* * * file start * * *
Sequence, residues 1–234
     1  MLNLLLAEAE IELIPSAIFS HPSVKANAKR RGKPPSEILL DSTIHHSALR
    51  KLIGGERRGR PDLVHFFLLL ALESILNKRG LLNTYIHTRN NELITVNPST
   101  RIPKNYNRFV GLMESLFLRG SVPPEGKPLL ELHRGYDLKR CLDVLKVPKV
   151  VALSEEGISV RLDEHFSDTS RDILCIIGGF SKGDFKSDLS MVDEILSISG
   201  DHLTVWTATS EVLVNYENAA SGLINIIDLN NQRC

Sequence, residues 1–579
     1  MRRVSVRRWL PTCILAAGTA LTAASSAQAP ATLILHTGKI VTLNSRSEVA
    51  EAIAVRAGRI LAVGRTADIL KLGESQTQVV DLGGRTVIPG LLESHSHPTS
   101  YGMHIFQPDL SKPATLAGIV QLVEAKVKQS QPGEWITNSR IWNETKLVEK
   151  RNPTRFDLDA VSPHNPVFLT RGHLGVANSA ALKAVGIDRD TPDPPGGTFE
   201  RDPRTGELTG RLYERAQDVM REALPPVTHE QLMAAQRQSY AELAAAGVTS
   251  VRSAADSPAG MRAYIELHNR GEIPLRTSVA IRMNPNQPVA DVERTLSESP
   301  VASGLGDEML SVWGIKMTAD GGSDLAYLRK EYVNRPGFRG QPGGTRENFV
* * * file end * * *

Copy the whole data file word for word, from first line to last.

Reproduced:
Sequence, residues 1–234
     1  MLNLLLAEAE IELIPSAIFS HPSVKANAKR RGKPPSEILL DSTIHHSALR
    51  KLIGGERRGR PDLVHFFLLL ALESILNKRG LLNTYIHTRN NELITVNPST
   101  RIPKNYNRFV GLMESLFLRG SVPPEGKPLL ELHRGYDLKR CLDVLKVPKV
   151  VALSEEGISV RLDEHFSDTS RDILCIIGGF SKGDFKSDLS MVDEILSISG
   201  DHLTVWTATS EVLVNYENAA SGLINIIDLN NQRC

Sequence, residues 1–579
     1  MRRVSVRRWL PTCILAAGTA LTAASSAQAP ATLILHTGKI VTLNSRSEVA
    51  EAIAVRAGRI LAVGRTADIL KLGESQTQVV DLGGRTVIPG LLESHSHPTS
   101  YGMHIFQPDL SKPATLAGIV QLVEAKVKQS QPGEWITNSR IWNETKLVEK
   151  RNPTRFDLDA VSPHNPVFLT RGHLGVANSA ALKAVGIDRD TPDPPGGTFE
   201  RDPRTGELTG RLYERAQDVM REALPPVTHE QLMAAQRQSY AELAAAGVTS
   251  VRSAADSPAG MRAYIELHNR GEIPLRTSVA IRMNPNQPVA DVERTLSESP
   301  VASGLGDEML SVWGIKMTAD GGSDLAYLRK EYVNRPGFRG QPGGTRENFV